The thought that was left in my mind for days after finishing this novel was that, we know that with great power comes great responsibility, (thank you Uncle Ben) but is the world the way that it is because of who is in power, or is it power itself that causes the world to become the way that it is?

– Hannah

 

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Christmas Book Haul

Good Morning!

I know its a few days after Christmas but I hope that you all had a very merry Christmas, or a happy Hanukah or whatever holiday you may have celebrated! I wanted to share with you the books that I was gifted this year. Books are not only my favorite thing to give as presents, but they are my favorite things to receive as presents as well. I love seeing what book someone else loves or what book they think I might enjoy.

And this year it looks like I was given some pretty good picks.

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  • Mortal Engines by Philip Reeve – In this post apocalyptic world, London is now on wheels, turned into this giant machine that travels the country side looking for other city’s to take over and use for resources. As London is chasing a smaller town across the wasteland, Tom Natsworthy is thrown from the city into the barren wasteland. From there he and Hester Shaw must get back to London before London does something that could put the future of the world at stake.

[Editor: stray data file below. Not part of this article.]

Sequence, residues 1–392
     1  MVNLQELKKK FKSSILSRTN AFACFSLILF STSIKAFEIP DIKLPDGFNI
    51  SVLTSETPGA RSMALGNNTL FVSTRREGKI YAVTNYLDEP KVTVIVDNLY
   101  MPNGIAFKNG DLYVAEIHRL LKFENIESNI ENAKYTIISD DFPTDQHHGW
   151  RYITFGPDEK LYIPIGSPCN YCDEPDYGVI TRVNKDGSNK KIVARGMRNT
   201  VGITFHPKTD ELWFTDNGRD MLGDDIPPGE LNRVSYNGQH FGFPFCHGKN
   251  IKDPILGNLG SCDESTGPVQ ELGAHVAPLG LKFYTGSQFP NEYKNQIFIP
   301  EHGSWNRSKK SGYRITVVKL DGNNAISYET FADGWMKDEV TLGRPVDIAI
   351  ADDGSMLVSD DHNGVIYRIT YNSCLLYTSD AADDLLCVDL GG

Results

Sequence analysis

Set in a steam punk version of London, my fiancee described this book to me as if the cars in Mad Max: Fury Road were larger and had towns on them. Now, this is one of the reasons he is my fiancee, because he knows anything Mad Max: Fury Road-esque is bound to be a hit for me.

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(I mean look at these colors.)

  • The Power by Naomi Alerman – At first, the world is recognizable, everything being as it should and then a new force takes root and now women and teenage girls all have the ability to inflict terrible pain and even cause death. This leads women to become the dominate gender.

Billed as being similar to Margaret Atwood’s Handmaid’s Tale it seems to be an interesting take on dystopian futures and how women are treated in them. How instead of being the gender that seems to suffer and be oppressed, woman are given a power that for once men do not get to have.